Portugal: Poland’s unexpected ally on rule of law?

Portugal sided with Poland and Hungary behind closed doors, according to Publico. [EPA/NUNO VEIGA]

Portuguese PM António Costa is reported to have criticised the proposal to have a mechanism linking EU funding with upholding the rule of law  – a bone of contention that has prompted Hungary and Poland to veto the EU budget and recovery programme – at the November meeting the Council of the EU, despite making public statements to the contrary, Portuguese daily Publico reports.

Behind closed doors, Portugal sided with Poland and Hungary, according to Publico.

Moreover, Portugal’s “very critical” attitude to the rule of law mechanism was to be recorded in the classified protocol of the meeting by Germany, which currently holds the EU Council Presidency, the newspaper reported.

Portugal’s foreign ministry assured Publico that respect for the rule of law “has always been the red line” for a government that has not deviated from this principle, adding, however, that it was “always ready to find a solution that would allow an agreement to be reached.

From January, Portugal will take over from the German EU Council Presidency and will be responsible for any further negotiations with Poland and Hungary.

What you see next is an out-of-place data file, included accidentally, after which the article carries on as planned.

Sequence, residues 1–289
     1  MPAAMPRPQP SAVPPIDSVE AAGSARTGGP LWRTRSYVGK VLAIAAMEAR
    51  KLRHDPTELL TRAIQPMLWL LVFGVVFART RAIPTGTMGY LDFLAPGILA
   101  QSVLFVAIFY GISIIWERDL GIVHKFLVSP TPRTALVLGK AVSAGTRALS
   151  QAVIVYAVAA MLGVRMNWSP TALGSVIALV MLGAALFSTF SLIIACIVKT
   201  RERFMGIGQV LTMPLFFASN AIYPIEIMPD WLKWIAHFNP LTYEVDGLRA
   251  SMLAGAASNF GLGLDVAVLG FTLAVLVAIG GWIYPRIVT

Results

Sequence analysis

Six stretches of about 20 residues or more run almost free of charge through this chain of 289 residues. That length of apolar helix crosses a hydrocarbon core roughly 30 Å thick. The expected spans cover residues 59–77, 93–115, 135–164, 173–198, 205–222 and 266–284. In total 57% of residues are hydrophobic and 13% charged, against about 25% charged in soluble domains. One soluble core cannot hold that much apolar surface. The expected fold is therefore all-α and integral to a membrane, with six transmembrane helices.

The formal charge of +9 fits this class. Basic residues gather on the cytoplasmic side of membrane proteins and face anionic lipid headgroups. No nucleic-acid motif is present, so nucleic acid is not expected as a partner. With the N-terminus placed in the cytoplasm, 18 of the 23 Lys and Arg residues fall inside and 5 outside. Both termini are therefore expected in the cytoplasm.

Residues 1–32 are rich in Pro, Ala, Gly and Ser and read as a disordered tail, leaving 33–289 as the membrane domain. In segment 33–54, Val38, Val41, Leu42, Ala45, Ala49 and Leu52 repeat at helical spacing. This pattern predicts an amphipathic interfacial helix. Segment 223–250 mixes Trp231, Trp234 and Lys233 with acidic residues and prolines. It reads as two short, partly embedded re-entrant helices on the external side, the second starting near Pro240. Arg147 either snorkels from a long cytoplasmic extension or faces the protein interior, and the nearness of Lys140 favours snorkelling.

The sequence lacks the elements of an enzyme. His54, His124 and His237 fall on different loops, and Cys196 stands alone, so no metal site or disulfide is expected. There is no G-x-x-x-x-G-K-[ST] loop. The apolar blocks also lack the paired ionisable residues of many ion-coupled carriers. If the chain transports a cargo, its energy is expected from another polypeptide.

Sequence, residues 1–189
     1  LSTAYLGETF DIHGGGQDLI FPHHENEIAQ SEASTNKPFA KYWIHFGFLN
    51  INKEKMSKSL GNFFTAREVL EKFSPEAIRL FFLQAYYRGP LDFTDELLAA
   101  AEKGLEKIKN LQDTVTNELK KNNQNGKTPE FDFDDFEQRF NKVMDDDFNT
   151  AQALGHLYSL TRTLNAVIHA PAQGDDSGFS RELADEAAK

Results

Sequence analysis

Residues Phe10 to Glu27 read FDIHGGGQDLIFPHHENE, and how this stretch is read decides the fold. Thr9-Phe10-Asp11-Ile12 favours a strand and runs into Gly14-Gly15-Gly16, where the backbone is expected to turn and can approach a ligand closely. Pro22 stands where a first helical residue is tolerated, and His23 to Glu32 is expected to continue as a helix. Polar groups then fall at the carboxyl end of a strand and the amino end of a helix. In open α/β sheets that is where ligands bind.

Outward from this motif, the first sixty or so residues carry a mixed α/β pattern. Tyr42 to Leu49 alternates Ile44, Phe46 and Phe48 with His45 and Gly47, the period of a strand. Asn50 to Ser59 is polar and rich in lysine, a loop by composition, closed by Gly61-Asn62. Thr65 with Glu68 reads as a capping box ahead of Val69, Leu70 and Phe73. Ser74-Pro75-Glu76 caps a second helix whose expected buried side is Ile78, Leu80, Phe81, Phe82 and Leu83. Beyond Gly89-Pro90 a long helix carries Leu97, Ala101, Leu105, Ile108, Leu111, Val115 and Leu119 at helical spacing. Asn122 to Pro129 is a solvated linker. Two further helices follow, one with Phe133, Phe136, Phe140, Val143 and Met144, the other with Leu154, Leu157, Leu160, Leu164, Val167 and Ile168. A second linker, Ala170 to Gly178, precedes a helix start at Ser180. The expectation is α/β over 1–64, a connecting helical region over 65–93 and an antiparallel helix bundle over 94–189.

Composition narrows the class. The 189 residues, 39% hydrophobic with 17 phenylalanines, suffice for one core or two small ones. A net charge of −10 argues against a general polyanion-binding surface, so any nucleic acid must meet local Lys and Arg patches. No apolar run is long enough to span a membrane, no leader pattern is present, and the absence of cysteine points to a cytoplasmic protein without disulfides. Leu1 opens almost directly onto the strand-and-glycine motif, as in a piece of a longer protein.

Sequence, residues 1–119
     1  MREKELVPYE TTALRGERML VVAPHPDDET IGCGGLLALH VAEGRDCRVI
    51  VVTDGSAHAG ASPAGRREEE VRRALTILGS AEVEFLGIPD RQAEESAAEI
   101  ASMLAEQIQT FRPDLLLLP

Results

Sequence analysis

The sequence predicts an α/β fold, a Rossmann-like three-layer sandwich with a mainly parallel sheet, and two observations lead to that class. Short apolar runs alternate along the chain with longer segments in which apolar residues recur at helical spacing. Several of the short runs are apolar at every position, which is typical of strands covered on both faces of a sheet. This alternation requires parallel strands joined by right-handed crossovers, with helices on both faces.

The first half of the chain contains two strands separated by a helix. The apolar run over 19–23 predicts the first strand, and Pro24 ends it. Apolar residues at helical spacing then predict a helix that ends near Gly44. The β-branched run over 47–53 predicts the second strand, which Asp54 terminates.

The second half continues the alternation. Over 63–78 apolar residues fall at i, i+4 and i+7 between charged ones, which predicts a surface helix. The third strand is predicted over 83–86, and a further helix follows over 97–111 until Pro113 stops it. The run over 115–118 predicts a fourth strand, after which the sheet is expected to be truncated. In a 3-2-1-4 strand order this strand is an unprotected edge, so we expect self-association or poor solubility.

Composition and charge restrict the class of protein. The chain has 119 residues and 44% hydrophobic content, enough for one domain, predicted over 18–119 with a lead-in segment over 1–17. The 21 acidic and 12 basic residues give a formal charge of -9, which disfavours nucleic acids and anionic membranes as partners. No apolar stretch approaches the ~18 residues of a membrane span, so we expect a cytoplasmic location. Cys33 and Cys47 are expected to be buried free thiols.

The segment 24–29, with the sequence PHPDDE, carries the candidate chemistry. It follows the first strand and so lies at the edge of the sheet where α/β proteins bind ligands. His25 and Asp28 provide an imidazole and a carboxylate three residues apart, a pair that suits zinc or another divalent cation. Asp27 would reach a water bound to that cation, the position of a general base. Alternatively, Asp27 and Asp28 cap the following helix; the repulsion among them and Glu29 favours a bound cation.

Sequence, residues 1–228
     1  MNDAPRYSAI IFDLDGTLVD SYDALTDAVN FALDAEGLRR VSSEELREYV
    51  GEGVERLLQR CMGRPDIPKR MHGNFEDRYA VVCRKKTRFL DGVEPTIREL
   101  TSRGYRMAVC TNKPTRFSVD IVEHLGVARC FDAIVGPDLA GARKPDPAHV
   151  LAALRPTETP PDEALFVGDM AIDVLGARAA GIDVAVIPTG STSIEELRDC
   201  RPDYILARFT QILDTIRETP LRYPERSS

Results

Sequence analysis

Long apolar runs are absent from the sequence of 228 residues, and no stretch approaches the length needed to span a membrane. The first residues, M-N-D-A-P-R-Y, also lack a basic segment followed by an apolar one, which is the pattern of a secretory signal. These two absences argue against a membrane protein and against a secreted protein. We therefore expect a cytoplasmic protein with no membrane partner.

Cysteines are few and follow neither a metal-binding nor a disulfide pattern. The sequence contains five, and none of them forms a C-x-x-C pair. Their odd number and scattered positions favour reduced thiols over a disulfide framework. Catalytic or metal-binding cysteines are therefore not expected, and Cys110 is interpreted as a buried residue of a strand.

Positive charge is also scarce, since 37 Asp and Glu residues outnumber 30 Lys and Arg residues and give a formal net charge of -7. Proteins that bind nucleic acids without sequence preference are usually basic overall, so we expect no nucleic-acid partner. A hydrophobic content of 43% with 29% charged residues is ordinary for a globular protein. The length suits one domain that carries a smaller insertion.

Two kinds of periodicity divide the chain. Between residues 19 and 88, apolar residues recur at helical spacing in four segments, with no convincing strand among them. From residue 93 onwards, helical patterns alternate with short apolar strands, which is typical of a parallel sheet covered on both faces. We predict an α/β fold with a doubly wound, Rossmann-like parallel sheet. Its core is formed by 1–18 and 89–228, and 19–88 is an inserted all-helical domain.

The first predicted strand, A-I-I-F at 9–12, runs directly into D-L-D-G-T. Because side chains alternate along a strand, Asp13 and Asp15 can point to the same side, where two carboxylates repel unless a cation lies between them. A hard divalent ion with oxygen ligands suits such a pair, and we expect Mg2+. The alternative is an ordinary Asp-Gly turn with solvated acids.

To confirm this information, the journal refers to a telephone conversation with the former head of the Polish foreign ministry, Witold Waszczykowski, who said: “Portugal played on our side in this ideological war.” He also mentioned the Visegrad Group, Slovenia and Latvia.

Costa has recently said member states that want common values are to be distinguished from those that consider Europe’s future from a purely economic perspective.

In an indirect reference to the Netherlands, Costa said there are countries which “are also wondering what this future is and some are even founders of the European project, but they were less visible and vocal because they followed the UK wave and are now more exposed”.

Contacted by EURACTIV, sources in Brussels expressed surprise at this and pointed out that it was Costa who said in July the EU budget and rule of law had to be separated while it was Dutch PM Mark Rutte and his Finnish counterpart Sanne Marin who pushed for a rule of law mechanism at the July summit. Read more: Costa: Some countries defend UK’s EU future vision.

(Lusa.pt; Mateusz Kucharczyk | EURACTIV.pl)

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